Congressional Special Election in Atlanta Suburbs, a Republic Stronghold, Goes to Runoff

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Republicans were served another reminder of President Donald Trump’s unpopularity Tuesday as Democrat Jon Ossoff nearly captured a House seat in a region that for decades has been a conservative stronghold, with the Democrat ultimately falling just short of the percent needed to avoid a runoff.

Democratic candidate Jon Ossoff greets volunteers and supporters at a campaign office during an Election Day kickoff rally as he runs for Georgia’s 6th Congressional District in a special election to replace Tom Price April 18, 2017 in Atlanta, Georgia. (Credit: Joe Raedle/Getty Images)

CNN projects that Ossoff will miss the 50 percent he needed to win outright. He and the other top vote-getter — Republican candidate Karen Handel — will now face off on their own in June.

The hotly contested race carried major implications as a gauge of the President’s popularity — and Trump himself seemed to grasp the high stakes, playing a direct role in its closing days.

Democrats saw it as an opportunity to drive a wedge between Trump and congressional Republicans fearful that he could drag down the party in the 2018 midterms — while also delivering a psychic boost to an energized progressive base.

They nearly pulled it off. And two months later, Ossoff will get a second shot in a one-on-one runoff with Handel albeit an uphill climb now that the Republican vote in a reliably GOP district will be consolidated behind one candidate.

It was a strong showing for the Democrats in an unusual “jungle primary” in a district that Mitt Romney won by 23 points in 2012, and where Republican Rep. Tom Price was re-elected with nearly 62 percent of the vote in 2016 before being named Trump’s health and human services secretary.

Trump has weighed in on the race in recent days, tweeting at least four times, most recently to criticize Ossoff for not living in the district.

“Just learned that Jon @Ossoff, who is running for Congress in Georgia, doesn’t even live in the district. Republicans, get out and vote!” Trump tweeted on Tuesday afternoon, just hours before polls close.

Trump also recorded a robocall attacking Ossoff the evening before the special election and telling voters they need to vote for any of the Republicans in the field.

A White House official told CNN that Trump was personally invested in the special election.

Ossoff defended himself against criticism of where he lives earlier Tuesday.

“I grew up in this district,” Ossoff said, speaking to CNN’s Alisyn Camerota on “New Day.” “I grew up in this community. It is my home. My family is still there.”

Ossoff has said he’ll move back to the district after his girlfriend finishes medical school nearby.

“It’s something I’ve been very transparent about,” he said. “I am proud to be supporting her career. As soon as she finishes her medical training, I will be 10 minutes back up the road where I grew up.”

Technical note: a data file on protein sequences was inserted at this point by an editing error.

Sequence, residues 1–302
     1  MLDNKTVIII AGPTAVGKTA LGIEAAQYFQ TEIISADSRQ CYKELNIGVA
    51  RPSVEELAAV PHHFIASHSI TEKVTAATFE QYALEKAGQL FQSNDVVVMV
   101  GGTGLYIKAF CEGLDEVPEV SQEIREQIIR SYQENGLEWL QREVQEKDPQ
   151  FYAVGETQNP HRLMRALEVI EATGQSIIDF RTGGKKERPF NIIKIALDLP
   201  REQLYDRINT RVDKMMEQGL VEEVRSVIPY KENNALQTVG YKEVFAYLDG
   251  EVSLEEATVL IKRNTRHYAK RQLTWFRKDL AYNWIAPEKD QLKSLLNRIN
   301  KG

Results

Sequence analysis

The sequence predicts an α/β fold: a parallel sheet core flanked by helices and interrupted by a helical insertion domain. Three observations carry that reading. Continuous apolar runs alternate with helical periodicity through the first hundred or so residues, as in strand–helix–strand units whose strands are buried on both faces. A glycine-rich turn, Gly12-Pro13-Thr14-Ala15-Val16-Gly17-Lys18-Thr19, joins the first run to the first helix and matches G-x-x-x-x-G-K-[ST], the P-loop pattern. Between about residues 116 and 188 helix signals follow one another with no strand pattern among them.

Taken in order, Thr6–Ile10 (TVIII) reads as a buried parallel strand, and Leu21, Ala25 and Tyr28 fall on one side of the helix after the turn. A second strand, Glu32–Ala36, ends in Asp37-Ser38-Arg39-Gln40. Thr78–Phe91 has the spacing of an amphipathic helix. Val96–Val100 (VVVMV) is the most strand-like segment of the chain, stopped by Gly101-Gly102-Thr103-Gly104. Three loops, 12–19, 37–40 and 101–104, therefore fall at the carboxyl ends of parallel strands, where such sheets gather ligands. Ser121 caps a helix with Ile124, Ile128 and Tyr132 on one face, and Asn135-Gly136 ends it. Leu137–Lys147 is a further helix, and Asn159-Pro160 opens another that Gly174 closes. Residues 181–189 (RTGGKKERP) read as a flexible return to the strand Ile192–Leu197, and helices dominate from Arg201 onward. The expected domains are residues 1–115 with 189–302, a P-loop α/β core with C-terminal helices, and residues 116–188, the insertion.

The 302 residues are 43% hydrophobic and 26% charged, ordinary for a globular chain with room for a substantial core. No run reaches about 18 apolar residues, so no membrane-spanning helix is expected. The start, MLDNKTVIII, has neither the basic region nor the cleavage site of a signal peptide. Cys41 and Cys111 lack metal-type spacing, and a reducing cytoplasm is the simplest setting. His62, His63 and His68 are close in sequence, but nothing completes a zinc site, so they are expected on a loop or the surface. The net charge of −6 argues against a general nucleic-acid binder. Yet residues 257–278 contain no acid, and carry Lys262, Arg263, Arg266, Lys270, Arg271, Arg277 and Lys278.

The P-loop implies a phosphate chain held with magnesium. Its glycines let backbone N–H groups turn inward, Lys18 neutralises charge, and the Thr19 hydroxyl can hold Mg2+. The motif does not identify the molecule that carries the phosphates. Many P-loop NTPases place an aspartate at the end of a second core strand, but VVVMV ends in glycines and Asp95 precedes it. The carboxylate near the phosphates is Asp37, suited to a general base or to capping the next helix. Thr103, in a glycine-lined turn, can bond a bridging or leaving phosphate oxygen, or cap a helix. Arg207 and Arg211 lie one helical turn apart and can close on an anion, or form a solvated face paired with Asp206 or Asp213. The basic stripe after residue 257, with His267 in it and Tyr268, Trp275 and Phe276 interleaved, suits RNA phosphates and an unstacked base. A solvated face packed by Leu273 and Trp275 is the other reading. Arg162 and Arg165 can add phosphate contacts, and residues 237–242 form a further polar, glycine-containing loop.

Ossoff benefited from being the only serious Democrat candidate, while Republicans have seen infighting among their 11 candidates — including several with high-profile support and campaigns, including Handel, state Sen. Judson Hill, businessman and former state Sen. Dan Moody and Johns Creek City Councilman Bob Gray.

For Democrats, the race also offers a preview of its 2018 roadmap. The suburban district has all the characteristics — diversity, including Latino voters, higher-than-average education levels and a younger population — of those it hopes to flip in areas like Orange County, California, and the Texas suburbs.

It took a sudden evolution for the district to become competitive at all. Mitt Romney carried it over Barack Obama in the 2012 presidential election by more than 23 percentage points, after all.

But 2016 told a much different story. Trump bested Hillary Clinton in the district by just 1.5 points. And Clinton carried Cobb County — a key population base of the district. It was the first time a Democrat had won Cobb County since Georgia’s Jimmy Carter was on the ballot.

Democrats, though, note that Ossoff — who has dominated the airwaves — has still faced an onslaught of more than $4 million in attack ads from the National Republican Congressional Committee and the Congressional Leadership Fund super PAC.

Election Day has not been entirely without drama: State officials are investigating the thefts of several voting machines over the weekend, Candice Broce, spokeswoman for Georgia’s Secretary of State, told CNN on Tuesday.

The machines were stolen Saturday from a voter poll manager’s vehicle, according to a statement from the Cobb County elections office. The Express Poll Units are used primarily for voter check-in for one precinct.


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